|Soundtrack album by|
|Recorded||1968 at Stax Recording Studio, Memphis|
|Genre||R&B, instrumental rock|
|Producer||Booker T. Jones|
|Booker T. & the M.G.'s chronology|
UpTight is a soundtrack album by Southern soul band Booker T. & the M.G.'s for the film of the same title. The album features "Time Is Tight", the single version of which became a US Top 10 hit (the second biggest of their career) and a signature song for the band.
The version of "Time Is Tight" included on the Up Tight soundtrack album is an alternate recording, which differs from the single version in several respects: it is in stereo, it is played at a faster tempo, it runs almost two minutes longer (4'55"), and it includes both an extended introduction and an instrumental "breakdown" (beginning around 3'30"), neither of which are in the single version. "Johnny, I Love You" (the B-side of "Time Is Tight") features a rare vocal by keyboardist Booker T. Jones. Judy Clay provides vocals on "Children, Don't Get Weary."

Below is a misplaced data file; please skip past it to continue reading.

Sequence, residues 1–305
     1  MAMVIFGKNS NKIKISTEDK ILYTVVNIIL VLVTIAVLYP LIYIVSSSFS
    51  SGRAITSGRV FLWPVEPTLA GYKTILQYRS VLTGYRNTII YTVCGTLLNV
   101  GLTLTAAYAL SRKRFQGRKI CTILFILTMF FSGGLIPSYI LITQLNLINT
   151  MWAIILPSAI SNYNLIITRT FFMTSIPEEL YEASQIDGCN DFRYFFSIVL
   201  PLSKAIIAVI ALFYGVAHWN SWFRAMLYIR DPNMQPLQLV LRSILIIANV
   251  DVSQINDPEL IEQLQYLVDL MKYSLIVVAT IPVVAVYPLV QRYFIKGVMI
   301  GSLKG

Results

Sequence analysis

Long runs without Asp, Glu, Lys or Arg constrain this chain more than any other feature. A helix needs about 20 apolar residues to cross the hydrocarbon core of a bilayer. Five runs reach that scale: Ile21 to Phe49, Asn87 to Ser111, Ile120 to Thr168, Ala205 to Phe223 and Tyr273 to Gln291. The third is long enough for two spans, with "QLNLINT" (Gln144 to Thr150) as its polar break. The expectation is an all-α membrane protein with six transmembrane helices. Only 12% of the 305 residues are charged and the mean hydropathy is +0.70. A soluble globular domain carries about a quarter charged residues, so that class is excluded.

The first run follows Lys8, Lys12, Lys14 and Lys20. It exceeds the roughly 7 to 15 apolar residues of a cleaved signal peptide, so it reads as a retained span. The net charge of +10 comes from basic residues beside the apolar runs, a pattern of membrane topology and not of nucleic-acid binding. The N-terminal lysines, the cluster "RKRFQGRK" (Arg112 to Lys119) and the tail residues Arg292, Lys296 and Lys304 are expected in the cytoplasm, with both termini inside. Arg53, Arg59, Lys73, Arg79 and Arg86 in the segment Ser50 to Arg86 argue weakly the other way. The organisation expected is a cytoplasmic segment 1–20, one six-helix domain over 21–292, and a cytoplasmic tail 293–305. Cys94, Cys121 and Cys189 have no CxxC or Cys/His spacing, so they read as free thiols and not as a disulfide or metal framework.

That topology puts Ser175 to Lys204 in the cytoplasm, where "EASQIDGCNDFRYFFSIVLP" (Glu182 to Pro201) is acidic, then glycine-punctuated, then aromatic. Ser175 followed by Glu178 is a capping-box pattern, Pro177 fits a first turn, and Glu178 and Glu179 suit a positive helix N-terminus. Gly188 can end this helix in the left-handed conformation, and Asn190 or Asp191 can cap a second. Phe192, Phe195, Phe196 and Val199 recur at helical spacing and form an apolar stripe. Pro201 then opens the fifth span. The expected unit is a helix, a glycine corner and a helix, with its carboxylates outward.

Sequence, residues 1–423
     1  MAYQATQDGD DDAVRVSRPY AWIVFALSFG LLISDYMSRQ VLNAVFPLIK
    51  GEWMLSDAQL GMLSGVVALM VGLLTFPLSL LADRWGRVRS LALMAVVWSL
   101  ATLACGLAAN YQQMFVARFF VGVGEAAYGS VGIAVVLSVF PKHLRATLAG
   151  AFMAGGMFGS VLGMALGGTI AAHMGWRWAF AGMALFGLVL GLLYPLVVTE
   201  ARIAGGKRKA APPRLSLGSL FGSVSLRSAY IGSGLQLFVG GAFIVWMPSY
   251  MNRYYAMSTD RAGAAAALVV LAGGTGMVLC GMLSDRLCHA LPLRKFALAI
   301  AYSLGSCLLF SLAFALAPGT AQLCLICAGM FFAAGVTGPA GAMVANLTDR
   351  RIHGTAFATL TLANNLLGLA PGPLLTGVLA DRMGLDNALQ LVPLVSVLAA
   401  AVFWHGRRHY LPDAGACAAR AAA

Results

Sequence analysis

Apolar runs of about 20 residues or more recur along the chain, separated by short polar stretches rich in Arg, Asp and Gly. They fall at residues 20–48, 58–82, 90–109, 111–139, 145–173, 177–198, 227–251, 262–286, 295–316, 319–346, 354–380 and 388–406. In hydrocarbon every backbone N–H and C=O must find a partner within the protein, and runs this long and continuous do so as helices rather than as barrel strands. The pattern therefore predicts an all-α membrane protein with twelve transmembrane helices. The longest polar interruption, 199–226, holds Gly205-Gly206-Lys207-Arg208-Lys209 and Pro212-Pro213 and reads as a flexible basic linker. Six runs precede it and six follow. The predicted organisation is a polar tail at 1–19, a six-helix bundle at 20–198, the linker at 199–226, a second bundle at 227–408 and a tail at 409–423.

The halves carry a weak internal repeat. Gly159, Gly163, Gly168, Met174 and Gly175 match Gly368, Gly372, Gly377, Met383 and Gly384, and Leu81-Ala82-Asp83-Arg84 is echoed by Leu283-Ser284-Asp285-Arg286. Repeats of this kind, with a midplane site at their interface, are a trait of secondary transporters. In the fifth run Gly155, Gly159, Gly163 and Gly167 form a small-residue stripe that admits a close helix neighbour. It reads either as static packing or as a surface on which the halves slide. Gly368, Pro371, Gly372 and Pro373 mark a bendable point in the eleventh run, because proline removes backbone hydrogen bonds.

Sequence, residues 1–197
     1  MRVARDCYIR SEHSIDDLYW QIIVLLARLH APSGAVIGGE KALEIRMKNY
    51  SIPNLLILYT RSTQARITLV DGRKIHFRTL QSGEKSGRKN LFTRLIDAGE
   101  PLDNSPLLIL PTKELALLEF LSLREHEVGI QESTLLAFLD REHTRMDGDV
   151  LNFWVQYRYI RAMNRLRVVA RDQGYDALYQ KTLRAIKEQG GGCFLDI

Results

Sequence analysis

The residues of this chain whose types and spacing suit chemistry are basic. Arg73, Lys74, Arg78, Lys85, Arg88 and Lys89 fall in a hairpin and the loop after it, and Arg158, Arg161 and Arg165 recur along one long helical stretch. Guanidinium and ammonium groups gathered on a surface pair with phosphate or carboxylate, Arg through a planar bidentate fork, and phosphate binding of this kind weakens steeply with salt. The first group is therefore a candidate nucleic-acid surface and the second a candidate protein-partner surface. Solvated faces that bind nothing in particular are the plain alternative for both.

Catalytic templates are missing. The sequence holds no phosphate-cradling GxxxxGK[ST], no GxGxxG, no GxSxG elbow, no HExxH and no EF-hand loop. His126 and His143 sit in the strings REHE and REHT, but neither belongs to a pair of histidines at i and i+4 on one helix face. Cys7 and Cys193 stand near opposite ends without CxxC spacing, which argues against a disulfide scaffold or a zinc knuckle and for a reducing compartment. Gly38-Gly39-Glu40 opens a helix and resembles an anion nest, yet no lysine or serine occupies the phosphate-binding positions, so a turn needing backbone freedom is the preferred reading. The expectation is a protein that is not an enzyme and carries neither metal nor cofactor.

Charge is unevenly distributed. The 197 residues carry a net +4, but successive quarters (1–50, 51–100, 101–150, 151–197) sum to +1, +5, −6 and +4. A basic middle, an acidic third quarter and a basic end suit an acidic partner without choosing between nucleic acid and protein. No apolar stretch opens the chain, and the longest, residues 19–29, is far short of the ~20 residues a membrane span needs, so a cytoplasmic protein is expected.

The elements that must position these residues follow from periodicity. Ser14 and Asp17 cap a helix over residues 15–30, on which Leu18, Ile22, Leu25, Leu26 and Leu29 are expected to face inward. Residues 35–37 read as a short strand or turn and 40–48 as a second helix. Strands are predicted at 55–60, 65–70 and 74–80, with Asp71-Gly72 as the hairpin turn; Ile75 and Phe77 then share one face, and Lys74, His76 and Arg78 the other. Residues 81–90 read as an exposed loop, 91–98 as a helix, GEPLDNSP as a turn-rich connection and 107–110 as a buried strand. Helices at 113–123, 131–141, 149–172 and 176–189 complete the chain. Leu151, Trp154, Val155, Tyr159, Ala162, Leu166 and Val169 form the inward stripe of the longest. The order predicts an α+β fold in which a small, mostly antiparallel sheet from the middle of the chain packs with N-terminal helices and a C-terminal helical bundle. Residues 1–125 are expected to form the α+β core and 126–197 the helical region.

The album charted at number 98 on the Billboard 200 album chart and number 7 on the Billboard R&B albums chart.
Village Voice critic Robert Christgau called it a "superb score" and later said that until the band's 1971 Melting Pot album, UpTight was the exception to the "somewhat mechanical, boxy rhythms that always made their albums boring even though the individual cuts were unexceptionable".
"Time is Tight" was covered by the Clash on their 10-inch vinyl Black Market Clash LP in 1980 (and later on their Super Black Market Clash CD) and by Paul Shaffer on his 1993 double CD The World's Most Dangerous Party.
All tracks composed by Booker T. Jones, except where indicated
- Side 1
- "Johnny, I Love You" – 3:00
- "Cleveland Now" – 3:08
- "Children, Don't Get Weary" (Frank Williams) – 3:35
- "Tank's Lament" – 2:49
- "Blues in the Gutter" – 3:24
- Side 2
- "We've Got Johnny Wells" – 3:46
- "Down at Ralph's Joint" – 3:51
- "Deadwood Dick" – 4:29
- "Run Tank Run" – 2:37
- "Time Is Tight" (Booker T. Jones, Steve Cropper, Donald "Duck" Dunn, Al Jackson, Jr.) – 4:55
|This 1960s R&B/soul album-related article is a stub. You can help Wikipedia by expanding it.|